The pandemic and other large-scale events over the past two years have significantly changed the landscape in which companies operate. As differentiating themselves from competitors has become increasingly important for companies, IROs face increasing pressures to meet internal demands and respond to external influences.
It is part of the IR role to help C-suite executives be fully prepared for engagement with potential investors. According to a new survey from Irwin, however, the lack of efficiency and alignment between the C-suite and IR teams remains a top concern.
More than 30 percent of C-suite executives feel unprepared for investor interaction, with nearly 90 percent of them spending up to one quarter of their time on IR instead of focusing on ‘more strategic work’.
This is according to the State of IR report, which collates data from more than 100 companies in the US and Canada.
For IROs, C-suite engagement is a constant difficulty, most prevalent at larger companies. The data shows that 25 percent of investor relations professionals at mid and large-cap companies agree that C-suite engagement will be the most significant obstacle in 2023. This compares with 15 percent of IROs who express the same concern at micro-cap companies and just 8 percent at small-cap firms.
‘In a previous study we conducted with buy-side investors, we also found that a staggering 89.5 percent feel issuers do not do enough due diligence in understanding who they are and what they are looking for before meeting with them,’ says Irwin’s CEO David Whyte in an interview with IR Magazine.
‘With that in mind, an IRO must be proactive about research before management interacts with an investor. IROs must do their due diligence on the investor, digging into its company, holdings, style, past interactions and other key variables such as mandates, objectives and assets under management [in order] to prepare [the C-suite].’
Top three challenges
Looking ahead, Irwin’s survey finds that the top concern for next year is finding new investors for the company: 85 percent of IROs and 83 percent of C-level executives believe attracting new investors is a struggle amplified by the current market’s conditions.
The second-biggest concern is efficiency and alignment between management and IR teams. ‘Outside of micro and small-cap companies, we find the average IRO uses two to five digital tools to run the IR program,’ says Whyte.
‘This number increases to more than five for 25 percent of IROs at large-cap companies. With so many different tools, it becomes harder to work efficiently and leaves limited time to focus on strategic initiatives. Instead, IROs spend more time navigating the tech stack and trying to surface actionable insights from fragmented solutions. In 2023, IROs must streamline their digital toolset to increase access to critical data, improve business continuity and save time.’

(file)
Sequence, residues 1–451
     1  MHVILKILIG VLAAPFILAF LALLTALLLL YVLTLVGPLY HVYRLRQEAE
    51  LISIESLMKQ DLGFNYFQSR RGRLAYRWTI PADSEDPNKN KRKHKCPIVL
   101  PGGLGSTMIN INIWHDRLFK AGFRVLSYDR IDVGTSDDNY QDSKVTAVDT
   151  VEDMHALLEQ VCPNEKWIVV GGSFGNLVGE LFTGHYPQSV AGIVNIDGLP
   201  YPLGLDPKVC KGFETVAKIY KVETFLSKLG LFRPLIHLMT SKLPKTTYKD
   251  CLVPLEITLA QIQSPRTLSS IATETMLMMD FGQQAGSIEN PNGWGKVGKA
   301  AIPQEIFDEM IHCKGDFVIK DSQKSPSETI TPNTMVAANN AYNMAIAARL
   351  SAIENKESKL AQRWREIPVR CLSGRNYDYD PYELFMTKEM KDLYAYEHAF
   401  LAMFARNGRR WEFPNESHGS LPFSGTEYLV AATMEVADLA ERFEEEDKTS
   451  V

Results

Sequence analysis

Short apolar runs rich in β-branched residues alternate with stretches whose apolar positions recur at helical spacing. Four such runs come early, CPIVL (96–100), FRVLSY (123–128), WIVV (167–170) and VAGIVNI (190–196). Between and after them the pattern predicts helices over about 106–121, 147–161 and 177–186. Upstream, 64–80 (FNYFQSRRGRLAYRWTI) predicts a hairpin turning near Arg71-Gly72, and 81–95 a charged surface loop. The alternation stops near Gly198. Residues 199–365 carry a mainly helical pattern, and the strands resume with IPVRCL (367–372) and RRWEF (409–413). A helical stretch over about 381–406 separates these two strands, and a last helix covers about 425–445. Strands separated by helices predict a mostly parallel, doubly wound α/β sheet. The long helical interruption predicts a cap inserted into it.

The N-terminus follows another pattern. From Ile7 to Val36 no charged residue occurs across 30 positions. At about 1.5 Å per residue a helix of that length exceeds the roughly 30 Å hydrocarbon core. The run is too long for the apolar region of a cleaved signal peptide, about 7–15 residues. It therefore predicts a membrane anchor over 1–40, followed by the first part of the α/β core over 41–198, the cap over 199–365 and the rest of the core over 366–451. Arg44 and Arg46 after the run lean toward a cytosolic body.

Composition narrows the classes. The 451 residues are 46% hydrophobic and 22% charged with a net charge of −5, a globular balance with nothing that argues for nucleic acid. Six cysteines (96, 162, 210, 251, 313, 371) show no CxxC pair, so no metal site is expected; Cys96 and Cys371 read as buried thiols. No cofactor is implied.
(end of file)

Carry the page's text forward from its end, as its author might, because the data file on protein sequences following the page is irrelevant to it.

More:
The other major hurdle for IROs is obtaining a strategic seat at the table. Investor relations professionals must be strategic partners to the C-suite and the board and spend more time on ensuring management is ready for investors’ engagement, notes Whyte. If that is achieved, C-level executives would be able to spend more time on ‘driving key business results’, ‘innovation’ and ‘customer and employee experience’.
To further highlight the disconnect between IROs and the C-suite, the research finds that effective storytelling and controlling the cost of capital are also top worries – though it depends on who you ask.
Half of IROs surveyed say ‘sharing the company story’ is a top concern but it doesn’t seem to worry many C-level executives. Conversely, while reducing the cost of capital is the main focus for the C-suite, the issue doesn’t make it to the top five areas of concern for IR teams.
Whyte suggests three areas of focus for IROs to sharpen messaging and manage the changing dynamics of investor engagement:
- Be transparent about the risks and weaknesses of your business to build trust and rapport
- Craft a compelling company narrative. It’s more important than ever to differentiate your company and convey your purpose and economic value to investors. Data is only one part of the picture here and investors are also interested in the human elements of your company
- Use technology to gather intelligence and save time on more administrative tasks. This will allow IROs to reinvest their time in activities that produce greater outputs, such as nurturing strategic investor and shareholder relationships and driving shareholder value.
‘Staying proactive is the number one piece of advice I give to IROs. Proactivity is the most critical variable that determines success in investor relations,’ says Whyte.
‘Regarding investor targeting, focus on raising allies, not just money. Long-term, partnership-oriented investors will always allow you to grow faster and more efficiently. It requires much more upfront and consistent work, but the payoff is well worth the effort.’